Wednesday, November 09, 2005

A Third Approach (Second Edition)

I’m a big fan of God’s sovereignty.

I want you to know that.

I don’t know how you could not be.

Sovereignty, it’s a word to describe what the Bible teaches about God’s power and control, and you know what the Bible says in a big way is that we serve a God whose power knows no limits and whose control extends in some mysterious way, to absolutely all things.

All things, you start thinking about that and it blows your mind, to the point where you are like, can that be true? and you turn to the Bible and you see in like, BOLD PRINT, it most certainly, totally is.

Daniel 4:34,35 “His dominion is an everlasting dominion and his kingdom endures from generation to generation, all the inhabitants of the earth are accounted as nothing, and he does according to his will among the host of heaven and among the inhabitants of the earth; and none can stay his hand or say to him, ‘What have you done?’”

Lamentations 3:38, “Is it not from the mouth of the Most High that good and bad both come?”

Psalm 135:6, “Whatever the Lord pleases, he does, in heaven and on earth, in the seas and all deeps.”

We would be making a big mistake if we, in thinking about the problems that are going on in this world, ever get, I don’t know, embarrassed and started minimizing that. But at the same time, I think we have to be careful as we talk about God’s sovereignty that we don’t act as if it were always easy. I’m kind of afraid of that.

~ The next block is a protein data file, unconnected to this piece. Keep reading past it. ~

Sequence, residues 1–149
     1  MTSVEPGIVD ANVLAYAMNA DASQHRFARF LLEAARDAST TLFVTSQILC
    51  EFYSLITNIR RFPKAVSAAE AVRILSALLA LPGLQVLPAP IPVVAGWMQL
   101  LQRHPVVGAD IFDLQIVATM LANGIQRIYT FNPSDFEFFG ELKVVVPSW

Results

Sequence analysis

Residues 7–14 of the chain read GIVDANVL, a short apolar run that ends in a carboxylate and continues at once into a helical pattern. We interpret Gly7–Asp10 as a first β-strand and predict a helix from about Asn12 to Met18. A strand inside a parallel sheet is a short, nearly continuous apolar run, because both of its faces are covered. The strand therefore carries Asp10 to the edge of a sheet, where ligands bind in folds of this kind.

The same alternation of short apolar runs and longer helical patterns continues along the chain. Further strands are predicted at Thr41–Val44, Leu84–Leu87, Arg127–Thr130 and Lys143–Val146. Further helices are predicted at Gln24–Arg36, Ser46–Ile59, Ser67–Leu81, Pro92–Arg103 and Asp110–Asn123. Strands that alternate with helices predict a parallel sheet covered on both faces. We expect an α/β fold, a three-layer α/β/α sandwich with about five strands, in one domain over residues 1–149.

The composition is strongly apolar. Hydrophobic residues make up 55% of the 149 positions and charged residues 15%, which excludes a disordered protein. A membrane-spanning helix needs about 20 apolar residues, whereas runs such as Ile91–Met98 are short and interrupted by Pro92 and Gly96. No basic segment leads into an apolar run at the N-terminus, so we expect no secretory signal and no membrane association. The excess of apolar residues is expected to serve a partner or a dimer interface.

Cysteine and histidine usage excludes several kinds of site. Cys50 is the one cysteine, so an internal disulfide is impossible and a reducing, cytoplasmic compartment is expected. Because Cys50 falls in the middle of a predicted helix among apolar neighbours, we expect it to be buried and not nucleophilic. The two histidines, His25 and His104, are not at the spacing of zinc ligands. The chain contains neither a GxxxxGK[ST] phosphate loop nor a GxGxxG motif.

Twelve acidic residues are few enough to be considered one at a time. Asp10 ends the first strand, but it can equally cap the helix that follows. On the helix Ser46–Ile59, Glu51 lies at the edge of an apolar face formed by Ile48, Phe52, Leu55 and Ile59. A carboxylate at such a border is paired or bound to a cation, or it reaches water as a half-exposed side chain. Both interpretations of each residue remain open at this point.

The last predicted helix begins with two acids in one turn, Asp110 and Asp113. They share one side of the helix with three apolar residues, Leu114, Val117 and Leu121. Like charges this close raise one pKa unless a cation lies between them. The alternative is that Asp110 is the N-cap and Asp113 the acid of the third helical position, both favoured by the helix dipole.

I mean, I don’t know if you’ve noticed, there are a lot of problems in this world.

Babies dying, people starving, grown men and women living their whole lives on the street. Rape, murder, theft, unjust governments, evil dictators, countries that are so given to false religions that they won’t even let missionaries in.

We know God is sovereign, that He is King, but you know there is a whole lot of stuff going on in this world that could cause a person to question that.

If you don’t, unbelievers do, they ask these kinds of questions all the time:

If God is good and God is all powerful, what in the world is going on?

I think when people ask questions like that, we tend to take one of two approaches.

We sometimes take the approach where we pretend God isn’t sovereign. Or we sometimes take an almost exact opposite approach where we act as if all God was was sovereign.

I want to look at what I believe is a third approach, it's found in Mark 4. I want you to look carefully with me at Mark 4 because there’s a sense in which Jesus here is addressing this very problem, and what I want us to see is that while Jesus doesn’t minimize God’s sovereignty at the same time He doesn’t distort it.